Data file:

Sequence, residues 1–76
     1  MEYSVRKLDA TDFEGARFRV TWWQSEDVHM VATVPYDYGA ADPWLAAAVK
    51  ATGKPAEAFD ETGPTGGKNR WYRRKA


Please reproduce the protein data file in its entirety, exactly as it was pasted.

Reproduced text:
Sequence, residues 1–76
     1  MEYSVRKLDA TDFEGARFRV TWWQSEDVHM VATVPYDYGA ADPWLAAAVK
    51  ATGKPAEAFD ETGPTGGKNR WYRRKA